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Revealed: Ipswich’s car crime hotspots

PUBLISHED: 09:55 26 September 2018 | UPDATED: 09:55 26 September 2018

CCTV image released in connection with a recent vehicle crime in Ipswich Picture: CONTRIBUTED

CCTV image released in connection with a recent vehicle crime in Ipswich Picture: CONTRIBUTED

Archant

Car crime has risen sharply in Ipswich – and 98% of its perpetrators went unpunished.

Police figures show the number of crimes between January-July this year was up by almost a quarter on the same period in 2017.

Since August 2015, 3,200 vehicle crimes have been reported in Ipswich – but just 2% resulted in the perpetrator being found and prosecuted. Some remain under investigation, others were unable to proceed and in a number of cases formal action was deemed “not to be in the public interest”. However the most common outcome – accounting for around 85% of all cases – was that no suspect had been identified.

In the council wards of Sprites, Rushmere and St John’s, police failed to identify a suspect in more than 90% of cases.

The data also reveals that Foxhall Road, Norwich Road and Gower Street were the top three streets for vehicle crime.

Suffolk police said vehicle crime was challenging to investigate due to limited “forensic opportunities” and the tendency for crimes to happen at night when few people are around and light is poor for CCTV. Delays in victims reporting crimes also hindered opportunities, police said.

“Although we work hard to tackle the issues and raise awareness through our targeted campaigns, the majority of vehicle crime that we see is as a result of items being left on display which is an easy target for a criminal,” a spokesman added.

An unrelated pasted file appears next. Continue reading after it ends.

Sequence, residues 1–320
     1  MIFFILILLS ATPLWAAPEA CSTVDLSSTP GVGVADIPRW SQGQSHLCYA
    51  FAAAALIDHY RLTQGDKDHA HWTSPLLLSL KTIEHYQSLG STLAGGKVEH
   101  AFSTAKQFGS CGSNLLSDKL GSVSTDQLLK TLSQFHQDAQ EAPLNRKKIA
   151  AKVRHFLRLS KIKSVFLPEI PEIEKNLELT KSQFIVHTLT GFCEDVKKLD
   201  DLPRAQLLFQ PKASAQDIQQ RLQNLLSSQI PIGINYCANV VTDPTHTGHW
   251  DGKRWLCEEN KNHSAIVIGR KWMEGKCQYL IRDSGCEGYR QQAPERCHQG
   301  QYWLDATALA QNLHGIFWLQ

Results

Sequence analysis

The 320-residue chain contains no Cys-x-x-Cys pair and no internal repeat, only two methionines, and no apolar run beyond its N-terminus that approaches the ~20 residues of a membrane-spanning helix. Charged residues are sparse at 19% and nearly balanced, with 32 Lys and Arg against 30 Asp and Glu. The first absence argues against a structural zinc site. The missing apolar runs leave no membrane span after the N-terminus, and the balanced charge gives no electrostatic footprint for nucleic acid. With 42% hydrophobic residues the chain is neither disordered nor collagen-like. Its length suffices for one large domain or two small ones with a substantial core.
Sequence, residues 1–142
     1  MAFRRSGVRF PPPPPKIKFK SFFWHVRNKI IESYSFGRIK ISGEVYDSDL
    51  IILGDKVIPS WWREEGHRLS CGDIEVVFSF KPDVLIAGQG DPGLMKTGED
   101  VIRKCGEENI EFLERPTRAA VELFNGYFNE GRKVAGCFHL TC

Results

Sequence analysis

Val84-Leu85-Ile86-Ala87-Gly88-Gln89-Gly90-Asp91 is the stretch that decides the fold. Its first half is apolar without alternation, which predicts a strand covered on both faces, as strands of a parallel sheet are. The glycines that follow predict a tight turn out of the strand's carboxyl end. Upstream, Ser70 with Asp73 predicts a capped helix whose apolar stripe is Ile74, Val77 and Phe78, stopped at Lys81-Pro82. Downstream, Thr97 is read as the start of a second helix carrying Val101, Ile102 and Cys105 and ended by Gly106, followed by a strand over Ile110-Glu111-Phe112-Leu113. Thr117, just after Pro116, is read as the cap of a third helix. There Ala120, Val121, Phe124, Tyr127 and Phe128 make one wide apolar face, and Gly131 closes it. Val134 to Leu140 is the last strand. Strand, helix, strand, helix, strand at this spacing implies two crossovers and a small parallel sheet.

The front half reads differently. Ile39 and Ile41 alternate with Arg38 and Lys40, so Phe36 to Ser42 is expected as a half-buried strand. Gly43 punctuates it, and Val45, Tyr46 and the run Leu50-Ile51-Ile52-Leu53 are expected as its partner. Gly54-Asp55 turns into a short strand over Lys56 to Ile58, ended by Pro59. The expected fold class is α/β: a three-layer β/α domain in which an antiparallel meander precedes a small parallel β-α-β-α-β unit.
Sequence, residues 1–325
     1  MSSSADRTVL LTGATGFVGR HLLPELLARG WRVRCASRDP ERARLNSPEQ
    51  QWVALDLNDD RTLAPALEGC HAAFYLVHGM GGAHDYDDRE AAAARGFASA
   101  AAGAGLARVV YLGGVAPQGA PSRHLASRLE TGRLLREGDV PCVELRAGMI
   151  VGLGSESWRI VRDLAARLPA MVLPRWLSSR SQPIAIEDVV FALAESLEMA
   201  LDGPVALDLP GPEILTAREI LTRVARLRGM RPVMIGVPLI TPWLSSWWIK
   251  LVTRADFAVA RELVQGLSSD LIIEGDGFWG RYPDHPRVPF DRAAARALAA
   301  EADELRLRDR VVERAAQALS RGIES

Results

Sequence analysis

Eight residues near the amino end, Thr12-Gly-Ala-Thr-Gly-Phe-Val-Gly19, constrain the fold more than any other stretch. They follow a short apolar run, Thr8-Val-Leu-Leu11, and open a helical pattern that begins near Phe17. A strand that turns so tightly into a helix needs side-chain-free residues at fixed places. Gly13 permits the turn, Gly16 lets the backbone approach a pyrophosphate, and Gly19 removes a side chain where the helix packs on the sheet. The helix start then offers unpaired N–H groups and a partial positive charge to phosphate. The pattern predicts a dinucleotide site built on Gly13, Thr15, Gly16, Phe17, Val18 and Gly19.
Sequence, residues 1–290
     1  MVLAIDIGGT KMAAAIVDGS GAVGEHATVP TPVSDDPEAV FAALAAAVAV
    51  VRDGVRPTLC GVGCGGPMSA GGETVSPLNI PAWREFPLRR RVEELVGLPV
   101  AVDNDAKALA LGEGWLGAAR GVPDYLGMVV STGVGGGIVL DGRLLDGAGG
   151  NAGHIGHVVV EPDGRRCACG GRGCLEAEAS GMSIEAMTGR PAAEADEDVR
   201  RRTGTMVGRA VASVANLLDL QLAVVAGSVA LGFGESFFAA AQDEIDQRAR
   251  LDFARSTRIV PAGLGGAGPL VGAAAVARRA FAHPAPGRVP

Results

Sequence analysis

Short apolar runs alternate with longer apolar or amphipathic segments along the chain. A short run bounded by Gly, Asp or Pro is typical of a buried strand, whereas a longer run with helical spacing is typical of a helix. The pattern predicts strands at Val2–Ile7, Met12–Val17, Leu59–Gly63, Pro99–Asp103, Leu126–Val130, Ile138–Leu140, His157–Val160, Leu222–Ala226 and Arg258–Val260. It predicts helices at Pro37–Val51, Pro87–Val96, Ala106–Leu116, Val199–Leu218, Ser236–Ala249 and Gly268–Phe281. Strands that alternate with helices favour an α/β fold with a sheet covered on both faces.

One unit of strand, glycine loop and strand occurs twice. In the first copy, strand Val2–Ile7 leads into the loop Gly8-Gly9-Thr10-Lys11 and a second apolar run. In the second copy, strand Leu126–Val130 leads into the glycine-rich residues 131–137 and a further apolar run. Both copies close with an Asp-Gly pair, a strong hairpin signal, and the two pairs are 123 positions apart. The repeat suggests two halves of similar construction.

“Don’t make it easy for them – take valuables with you.”

A recent Press Association investigation found vehicle crime nationally had reached its highest level in years – but 76% of cases resulted in no suspect identified.

Vehicle crime has increased in Ipswich Picture: MARIDAV/GETTY IMAGESVehicle crime has increased in Ipswich Picture: MARIDAV/GETTY IMAGES

These failures sparked criticism from Commons Home Affairs committee chairman Yvette Cooper MP who said criminals were being given a “green light to reoffend”. Alex Mayes, of charity Victim Support, said it could deter people from reporting crime.

In Ipswich, victims of vehicle crime have spoken of its massive impact on their lives.

Kelly Quigley was one of four people who had vehicles written off when a suspected stolen car left a trail of destruction along Kildare Avenue in the early hours of September 12. “That car was my lifeline,” she said.

Michael Livermore, who lost two vehicles on the same night, including a van he needs for work, said he felt “angry, sick and frustrated” by what had happened.

Suffolk Police and Crime Commissioner Tim Passmore said he shared victims’ frustration about any car crime and acknowledged the consequences can be “costly and inconvenient”.

However he added Suffolk police did their “very best” to solve the crimes “I hope those found guilty are given an appropriate sentence, which must act as a deterrent to others,” he added. “Collating the evidence is a considerable challenge but it’s imperative these crimes continue to be reported.”